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Romano-British farmstead, 500m north of Herpath House

A Scheduled Monument in Kirkwhelpington, Northumberland

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Coordinates

Latitude: 55.1682 / 55°10'5"N

Longitude: -2.0302 / 2°1'48"W

OS Eastings: 398171.997706

OS Northings: 585992.683178

OS Grid: NY981859

Mapcode National: GBR G88P.84

Mapcode Global: WHB1F.SCF9

Entry Name: Romano-British farmstead, 500m north of Herpath House

Scheduled Date: 12 January 1994

Source: Historic England

Source ID: 1011112

English Heritage Legacy ID: 21008

County: Northumberland

Civil Parish: Kirkwhelpington

Traditional County: Northumberland

Lieutenancy Area (Ceremonial County): Northumberland

Church of England Parish: Kirkwhelpington with Kirkharle and Kirkheaton

Church of England Diocese: Newcastle

Details

The monument includes the remains of a farmstead of Romano-British date
situated in a level location with a south facing aspect. The rectangular
farmstead is a maximum of 35m east-west by 45m north-south within a well
preserved ditch up to 8m wide. Within the ditch there is a bank 2.5m wide
which is best preserved on the western side where it is 0.2m high above the
interior and 0.5m above the bottom of the ditch. Outside the ditch on the
south side there is a counter-scarp bank 0.8m above the bottom of the ditch. A
broad entrance 7m wide in the centre of the eastern side is carried across the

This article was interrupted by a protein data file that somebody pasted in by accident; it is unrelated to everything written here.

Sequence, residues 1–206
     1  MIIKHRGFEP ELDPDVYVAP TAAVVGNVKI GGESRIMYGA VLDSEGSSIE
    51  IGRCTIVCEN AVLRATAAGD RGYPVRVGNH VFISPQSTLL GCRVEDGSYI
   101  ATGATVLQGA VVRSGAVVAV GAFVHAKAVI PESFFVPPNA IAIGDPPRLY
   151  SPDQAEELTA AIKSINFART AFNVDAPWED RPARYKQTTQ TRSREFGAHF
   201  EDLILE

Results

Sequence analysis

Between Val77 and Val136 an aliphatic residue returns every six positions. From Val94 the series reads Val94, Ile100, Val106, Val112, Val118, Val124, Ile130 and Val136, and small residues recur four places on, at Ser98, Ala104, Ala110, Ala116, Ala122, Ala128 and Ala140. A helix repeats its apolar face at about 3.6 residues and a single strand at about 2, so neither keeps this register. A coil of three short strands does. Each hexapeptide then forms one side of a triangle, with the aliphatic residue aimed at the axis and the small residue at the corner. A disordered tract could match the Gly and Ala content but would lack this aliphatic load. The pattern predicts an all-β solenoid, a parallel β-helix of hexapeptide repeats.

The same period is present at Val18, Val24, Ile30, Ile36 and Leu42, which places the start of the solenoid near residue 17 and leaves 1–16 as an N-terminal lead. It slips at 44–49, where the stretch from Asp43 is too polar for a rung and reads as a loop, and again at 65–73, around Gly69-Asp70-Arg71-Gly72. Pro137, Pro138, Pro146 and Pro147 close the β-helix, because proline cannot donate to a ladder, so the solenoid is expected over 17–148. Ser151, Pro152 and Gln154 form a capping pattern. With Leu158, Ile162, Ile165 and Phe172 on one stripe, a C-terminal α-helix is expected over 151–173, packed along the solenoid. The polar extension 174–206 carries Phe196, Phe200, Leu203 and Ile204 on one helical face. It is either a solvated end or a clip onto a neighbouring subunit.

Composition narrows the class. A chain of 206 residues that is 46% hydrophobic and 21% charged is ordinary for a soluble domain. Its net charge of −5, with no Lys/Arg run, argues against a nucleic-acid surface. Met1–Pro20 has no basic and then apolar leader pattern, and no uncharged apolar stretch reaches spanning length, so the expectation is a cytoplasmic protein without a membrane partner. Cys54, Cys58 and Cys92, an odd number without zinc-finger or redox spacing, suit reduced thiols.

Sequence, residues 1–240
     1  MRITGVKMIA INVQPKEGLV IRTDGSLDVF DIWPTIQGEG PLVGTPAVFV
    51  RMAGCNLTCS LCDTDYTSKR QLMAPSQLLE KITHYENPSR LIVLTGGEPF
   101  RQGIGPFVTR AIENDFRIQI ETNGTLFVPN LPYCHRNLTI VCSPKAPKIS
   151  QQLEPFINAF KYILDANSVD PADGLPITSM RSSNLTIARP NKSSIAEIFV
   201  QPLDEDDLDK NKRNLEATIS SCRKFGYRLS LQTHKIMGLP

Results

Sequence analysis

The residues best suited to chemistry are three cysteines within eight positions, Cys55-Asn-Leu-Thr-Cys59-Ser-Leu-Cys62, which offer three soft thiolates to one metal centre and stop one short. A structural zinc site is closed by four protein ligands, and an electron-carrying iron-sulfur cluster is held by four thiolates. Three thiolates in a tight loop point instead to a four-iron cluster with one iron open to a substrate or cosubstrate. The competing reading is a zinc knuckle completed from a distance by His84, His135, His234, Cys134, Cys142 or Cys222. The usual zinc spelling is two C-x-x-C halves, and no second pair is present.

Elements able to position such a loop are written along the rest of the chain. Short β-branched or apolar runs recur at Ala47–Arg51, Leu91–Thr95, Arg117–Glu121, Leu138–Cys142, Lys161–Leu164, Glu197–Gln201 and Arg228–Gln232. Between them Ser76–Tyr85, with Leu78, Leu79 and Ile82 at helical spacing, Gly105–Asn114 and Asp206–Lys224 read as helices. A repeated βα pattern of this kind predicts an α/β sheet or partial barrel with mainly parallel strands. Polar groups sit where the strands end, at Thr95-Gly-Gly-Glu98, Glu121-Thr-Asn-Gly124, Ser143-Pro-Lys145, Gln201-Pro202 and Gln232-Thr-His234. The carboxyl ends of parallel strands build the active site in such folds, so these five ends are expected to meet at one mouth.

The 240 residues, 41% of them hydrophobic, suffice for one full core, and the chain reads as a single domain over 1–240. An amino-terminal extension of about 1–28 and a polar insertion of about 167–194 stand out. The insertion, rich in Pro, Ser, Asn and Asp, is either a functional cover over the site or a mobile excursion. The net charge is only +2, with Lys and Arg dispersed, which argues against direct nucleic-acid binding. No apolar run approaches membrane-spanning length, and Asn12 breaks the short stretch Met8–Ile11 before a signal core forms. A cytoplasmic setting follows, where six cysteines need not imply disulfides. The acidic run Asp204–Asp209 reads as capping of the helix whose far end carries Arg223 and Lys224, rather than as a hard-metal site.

ditch on a causeway.

MAP EXTRACT
The site of the monument is shown on the attached map extract.
It includes a 2 metre boundary around the archaeological features,
considered to be essential for the monument's support and preservation.

Source: Historic England

Reasons for Scheduling

In Cumbria and Northumberland several distinctive types of native settlements
dating to the Roman period have been identified. The majority were small, non-
defensive, enclosed homesteads or farms. In many areas they were of stone
construction, although in the coastal lowlands timber-built variants were also
common. In much of Northumberland, especially in the Cheviots, the enclosures
were curvilinear in form. Further south a rectangular form was more common.
Elsewhere, especially near the Scottish border, another type occurs where the
settlement enclosure was `scooped' into the hillslope. Frequently the
enclosures reveal a regularity and similarity of internal layout. The standard
layout included one or more stone round-houses situated towards the rear of
the enclosure, facing the single entranceway. In front of the houses were
pathways and small enclosed yards. Homesteads normally had only one or two
houses, but larger enclosures could contain as many as six. At some sites the
settlement appears to have grown, often with houses spilling out of the main
enclosure and clustered around it. At these sites up to 30 houses may be
found. In the Cumbrian uplands the settlements were of less regimented form
and unenclosed clusters of houses of broadly contemporary date are also known.
These homesteads were being constructed and used by non-Roman natives
throughout the period of the Roman occupation. Their origins lie in settlement
forms developed before the arrival of the Romans. These homesteads are common
throughout the uplands where they frequently survive as well-preserved
earthworks. In lowland coastal areas they were also originally common,
although there they can frequently only be located through aerial photography.
All homestead sites which survive substantially intact will normally be
identified as nationally important.

The farmstead north of Ferneyrigg survives well; it is one of a group of
similar settlements in the area and will contribute to any study of the
settlement pattern at this time.

Source: Historic England

Sources

Books and journals
Jobey, G, 'Archaeologia Aeliana 4 ser 38' in Rectlinear Settlements of the Roman Period in Northumberland, (1960)
Other
NY 98 NE 22,

Source: Historic England

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